Chicago When Betsy Shyrock met “Mark Donovan” online, it was love at first type. She was a single mom who hadn’t been in the dating game for 17 years. He was an international soccer scout from Ireland who lived in Virginia.
For two months, Shyrock chatted with Donovan from her Georgia home, trading love notes and discussing his plans to come see her. But trouble came instead.
“He said he had spent all his money on the players and that he needed money for plane tickets to get back,” Shyrock said.
Donovan had been traveling in Nigeria.
“I sent $500 here, $200 there. He sent me a copy of a $400,000 check that he was going to bring home to me and reimburse me with,” Shyrock said. “He was going to marry me and take care of me.”
Shyrock, 52, was in the hole $10,000 before she realized that she had fallen victim to a variation of the classic Nigerian advance fee scam.
Gone are the days when Nigerians duped victims solely with the tale of an orphaned prince’s quest to reclaim his inheritance. The scheme has morphed into a family of scams that now include romance cons like the one Shyrock fell for, along with rental scams and even puppy sale scams.
These evolving schemes highlight the adaptability of the West African scammers as they try to stay a step ahead of law enforcement and find new ways to reel in victims.
In the rental scam, Nigerians swipe pictures from legitimate online home sale ads and create fake ads offering the property for rent. When a potential renter makes contact with the scammer, he or she is told that the landlord had to leave abruptly to do missionary work in Africa and that the renter should fill out an application and wire the landlord the first and last months’ rent.
The would-be renter is then told that keys will be sent if he or she qualifies as a renter but, of course, the keys never come.
Though Nigerian scams are prolific in the U.S., their reach is global. The “puppy scam” — in which pet lovers are duped into paying for animals that don’t exist by being told that the animals would be killed if they are not purchased — popped up recently.
The Nigerian advance fee scam — also known as 419 fraud after the fraud section of the Nigerian Criminal Code — began as a snail-mail scam in the early 1980s, law-enforcement officials said. With the advent of the Internet, the scheme exploded in the ’90s, with e-mail blitzes reaching the far corners of the globe.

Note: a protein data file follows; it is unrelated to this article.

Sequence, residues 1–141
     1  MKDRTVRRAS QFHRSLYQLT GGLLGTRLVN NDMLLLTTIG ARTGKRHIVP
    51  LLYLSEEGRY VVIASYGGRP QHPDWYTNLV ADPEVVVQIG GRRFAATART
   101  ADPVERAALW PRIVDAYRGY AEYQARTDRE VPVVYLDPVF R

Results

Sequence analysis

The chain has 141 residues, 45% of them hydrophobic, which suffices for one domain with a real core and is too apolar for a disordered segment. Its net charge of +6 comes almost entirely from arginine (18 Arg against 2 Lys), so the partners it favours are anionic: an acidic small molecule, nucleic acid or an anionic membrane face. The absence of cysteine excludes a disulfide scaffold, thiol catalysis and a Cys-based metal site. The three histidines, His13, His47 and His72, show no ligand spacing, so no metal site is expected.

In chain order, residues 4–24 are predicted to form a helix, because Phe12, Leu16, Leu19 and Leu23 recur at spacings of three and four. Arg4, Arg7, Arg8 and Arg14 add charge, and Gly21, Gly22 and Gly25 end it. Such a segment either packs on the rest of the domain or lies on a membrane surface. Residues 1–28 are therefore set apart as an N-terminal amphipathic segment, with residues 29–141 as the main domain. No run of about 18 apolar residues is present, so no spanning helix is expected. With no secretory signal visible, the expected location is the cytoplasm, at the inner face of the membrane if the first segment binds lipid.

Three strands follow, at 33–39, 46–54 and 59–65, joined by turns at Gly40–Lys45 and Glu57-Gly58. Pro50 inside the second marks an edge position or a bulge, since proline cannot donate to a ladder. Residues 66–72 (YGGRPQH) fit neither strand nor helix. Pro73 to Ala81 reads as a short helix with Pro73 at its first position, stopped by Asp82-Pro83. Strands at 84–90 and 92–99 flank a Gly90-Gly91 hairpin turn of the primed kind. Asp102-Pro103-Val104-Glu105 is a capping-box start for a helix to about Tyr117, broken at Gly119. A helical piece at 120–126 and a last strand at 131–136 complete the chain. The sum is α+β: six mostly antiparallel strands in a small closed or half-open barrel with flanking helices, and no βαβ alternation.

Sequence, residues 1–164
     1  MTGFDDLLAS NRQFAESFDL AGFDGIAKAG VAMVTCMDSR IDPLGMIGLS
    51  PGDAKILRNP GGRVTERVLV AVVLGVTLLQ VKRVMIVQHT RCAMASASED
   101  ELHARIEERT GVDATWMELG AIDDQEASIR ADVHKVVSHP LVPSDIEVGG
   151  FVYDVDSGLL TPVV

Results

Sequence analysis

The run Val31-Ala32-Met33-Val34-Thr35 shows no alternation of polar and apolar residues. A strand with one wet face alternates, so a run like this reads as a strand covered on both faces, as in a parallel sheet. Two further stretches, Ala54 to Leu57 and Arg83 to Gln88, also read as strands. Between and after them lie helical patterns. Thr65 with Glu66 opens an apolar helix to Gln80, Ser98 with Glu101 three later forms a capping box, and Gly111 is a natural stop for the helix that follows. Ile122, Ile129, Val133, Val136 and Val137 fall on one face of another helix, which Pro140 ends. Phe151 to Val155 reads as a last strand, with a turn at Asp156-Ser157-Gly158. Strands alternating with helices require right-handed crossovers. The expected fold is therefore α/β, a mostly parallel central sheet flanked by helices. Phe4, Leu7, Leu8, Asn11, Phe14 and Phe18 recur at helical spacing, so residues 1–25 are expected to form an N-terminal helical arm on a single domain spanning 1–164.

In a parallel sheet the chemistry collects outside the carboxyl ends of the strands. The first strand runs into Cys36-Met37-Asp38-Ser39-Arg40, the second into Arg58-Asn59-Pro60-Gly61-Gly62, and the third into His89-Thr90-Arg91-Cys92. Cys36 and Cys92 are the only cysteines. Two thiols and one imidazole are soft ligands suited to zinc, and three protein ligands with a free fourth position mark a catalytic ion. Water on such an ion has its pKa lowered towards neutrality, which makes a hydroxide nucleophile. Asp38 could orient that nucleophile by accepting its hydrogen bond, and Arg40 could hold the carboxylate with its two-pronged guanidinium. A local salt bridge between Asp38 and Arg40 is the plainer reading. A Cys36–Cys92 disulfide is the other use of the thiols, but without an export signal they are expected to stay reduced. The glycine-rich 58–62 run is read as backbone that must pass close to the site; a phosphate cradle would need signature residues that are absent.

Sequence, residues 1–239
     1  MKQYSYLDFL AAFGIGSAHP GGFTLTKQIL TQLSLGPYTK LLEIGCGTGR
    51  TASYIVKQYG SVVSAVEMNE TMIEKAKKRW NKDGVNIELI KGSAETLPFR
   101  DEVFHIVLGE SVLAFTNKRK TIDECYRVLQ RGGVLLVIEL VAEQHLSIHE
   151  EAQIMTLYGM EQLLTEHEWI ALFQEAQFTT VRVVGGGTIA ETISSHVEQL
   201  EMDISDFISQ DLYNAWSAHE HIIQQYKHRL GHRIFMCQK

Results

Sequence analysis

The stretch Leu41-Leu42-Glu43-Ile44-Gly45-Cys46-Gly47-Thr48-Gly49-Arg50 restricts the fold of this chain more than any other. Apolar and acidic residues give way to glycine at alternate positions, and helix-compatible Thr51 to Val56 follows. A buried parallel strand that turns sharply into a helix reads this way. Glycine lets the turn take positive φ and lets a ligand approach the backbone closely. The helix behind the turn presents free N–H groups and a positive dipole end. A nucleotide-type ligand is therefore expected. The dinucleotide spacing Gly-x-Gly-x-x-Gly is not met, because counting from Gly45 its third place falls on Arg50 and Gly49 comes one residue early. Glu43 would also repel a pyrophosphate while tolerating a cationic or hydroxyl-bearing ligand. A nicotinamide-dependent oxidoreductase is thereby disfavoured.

As more people get hip to their techniques, the scammers adapt, law-enforcement officials said, to target untapped audiences and potential profit. Tom Brady, inspector in charge for the Chicago division of the U.S. Postal Inspection Service, said the scams are the same. They’re just “packaged differently.”
“Nigerian scammers are very skilled at changing their methods in order to avoid detection. They are ‘chameleon-like’ in their approach,” Brady said in an e-mail.
Nigeria long has been the epicenter of these advance fee scams, and many have been traced to IP addresses originating in the country, law enforcement officials said. Whether they’re sent by organized networks or freelance crooks operating out of Internet cafes, they cast wide nets and rake in millions.
But Nigerians have not cornered this lucrative market. Advance fee crimes are perpetrated by scammers around the world, including in Canada and the Netherlands.
Worldwide losses attributed to advance fees scams of all types from all countries topped $4.3 billion in 2007 — the last good estimate available from the U.S. But many cases go unreported and it’s tough to know how much of that total can be attributed to Nigerian scammers because, though the scam may originate in Nigeria, it may include accomplices from other countries, law enforcement officials said.